• build sanitisation tools for some of the datasets in the CRAWDAD archive

An excellent project will:

  • build an extensible framework for sanitising arbitrary data, using the PADS system or similar

This project will require:

  • Familiarity with C. You could do packet processing in Java but I suspect that it would be pretty slow (see my other project suggestion below…)
  • Familiarity with other scripting languages (perl, python, awk etc)
  • An understanding of what network packets look like

Background reading:

Project difficulty: D


Opportunistic gaming (CS5999)

Opportunistic networking, where mobile devices exploit any available means to forward data, is one possible paradigm for enabling network access in the absence of network infrastructure. Many of the applications proposed for such opportunistic networks are store-and-forward messaging or media sharing applications. But this does not preclude the use of opportunistic networks for other applications. This project will develop a simple game for opportunistic networks using the Haggle framework for Android phones.

Prerequisites: Java network programming

Project difficulty: D

Background reading:


Personalised tourist safaris (CS5999)

Tourists visiting a new place often wish to find information that is not available in generic guide books, or is specific to their personal interests. This project will look at using recommender systems to build location-aware tourist “safaris” or trails which a tourist can follow based on their specific requirements. This project will be working with a designer, Jon Gill who will be providing suitable content for tourist applications in St Andrews.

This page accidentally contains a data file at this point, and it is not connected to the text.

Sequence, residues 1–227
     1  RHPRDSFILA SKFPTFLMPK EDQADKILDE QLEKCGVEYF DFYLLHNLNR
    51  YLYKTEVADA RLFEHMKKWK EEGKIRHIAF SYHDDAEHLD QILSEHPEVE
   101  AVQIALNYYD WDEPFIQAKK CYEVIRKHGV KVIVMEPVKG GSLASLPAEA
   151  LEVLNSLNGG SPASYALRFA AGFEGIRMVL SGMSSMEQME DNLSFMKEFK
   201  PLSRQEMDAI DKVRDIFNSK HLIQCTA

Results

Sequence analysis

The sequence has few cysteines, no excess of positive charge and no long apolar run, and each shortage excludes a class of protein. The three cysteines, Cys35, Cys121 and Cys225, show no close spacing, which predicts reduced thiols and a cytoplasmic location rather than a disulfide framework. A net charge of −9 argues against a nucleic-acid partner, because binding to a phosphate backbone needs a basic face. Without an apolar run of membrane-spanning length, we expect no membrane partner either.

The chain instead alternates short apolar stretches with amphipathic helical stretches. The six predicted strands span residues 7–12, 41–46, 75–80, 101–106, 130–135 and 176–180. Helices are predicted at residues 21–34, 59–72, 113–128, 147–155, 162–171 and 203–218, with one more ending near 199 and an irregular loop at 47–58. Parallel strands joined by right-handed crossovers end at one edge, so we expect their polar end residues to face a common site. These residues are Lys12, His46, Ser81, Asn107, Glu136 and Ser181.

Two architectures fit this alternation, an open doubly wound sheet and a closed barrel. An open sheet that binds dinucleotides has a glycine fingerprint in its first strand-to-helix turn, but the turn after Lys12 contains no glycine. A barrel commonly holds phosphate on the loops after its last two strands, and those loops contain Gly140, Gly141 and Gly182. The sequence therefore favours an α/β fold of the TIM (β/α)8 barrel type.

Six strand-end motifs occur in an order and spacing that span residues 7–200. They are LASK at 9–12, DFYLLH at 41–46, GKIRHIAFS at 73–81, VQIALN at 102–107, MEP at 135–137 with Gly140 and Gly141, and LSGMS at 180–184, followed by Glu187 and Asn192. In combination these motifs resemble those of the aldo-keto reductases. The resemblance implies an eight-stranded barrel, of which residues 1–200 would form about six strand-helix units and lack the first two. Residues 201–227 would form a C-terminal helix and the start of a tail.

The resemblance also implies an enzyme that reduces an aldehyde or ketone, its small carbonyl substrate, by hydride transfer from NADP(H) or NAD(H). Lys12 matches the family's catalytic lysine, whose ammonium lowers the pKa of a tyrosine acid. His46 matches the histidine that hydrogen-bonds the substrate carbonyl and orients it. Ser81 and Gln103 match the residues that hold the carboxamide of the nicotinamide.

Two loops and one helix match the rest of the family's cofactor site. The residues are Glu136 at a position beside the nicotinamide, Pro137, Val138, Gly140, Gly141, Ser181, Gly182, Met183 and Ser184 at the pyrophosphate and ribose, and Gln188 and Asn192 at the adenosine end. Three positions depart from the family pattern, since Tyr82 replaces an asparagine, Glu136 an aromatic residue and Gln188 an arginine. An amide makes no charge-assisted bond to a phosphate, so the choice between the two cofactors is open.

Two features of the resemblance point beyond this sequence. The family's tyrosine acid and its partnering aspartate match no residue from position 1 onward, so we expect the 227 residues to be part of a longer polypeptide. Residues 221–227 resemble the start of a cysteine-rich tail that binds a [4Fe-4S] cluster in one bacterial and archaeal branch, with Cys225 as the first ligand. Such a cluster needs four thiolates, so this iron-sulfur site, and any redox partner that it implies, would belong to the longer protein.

Project difficulty: M/D


Static website generation (IS5198)

Static website generators such as Jekyll and Hyde have become popular recently, as such websites can be more scalable and easier to deploy under particular circumstances. This project will evaluate the costs and benefits of migrating from a dynamic to a static website. The CRAWDAD wireless data archive will be used as a case study. The expected output of the project will be a statically-generated version of the CRAWDAD data archive, and a detailed quantitative performance evaluation of the benefits of this web site.


Wiki-based metadata editing (IS5198)

We run the CRAWDAD data archive, which is the largest data repository for wireless network data. One big stumbling block to providing more data to the research community is the difficulty of annotating data, i.e., providing metadata.

This project will develop wiki-based tools to allow users to crowdsource metadata collection. A successful project will be integrated into the CRAWDAD website.

Prerequisites: familiarity with a server-side web programming language, e.g., Ruby, PHP

Project difficulty: M

Background reading: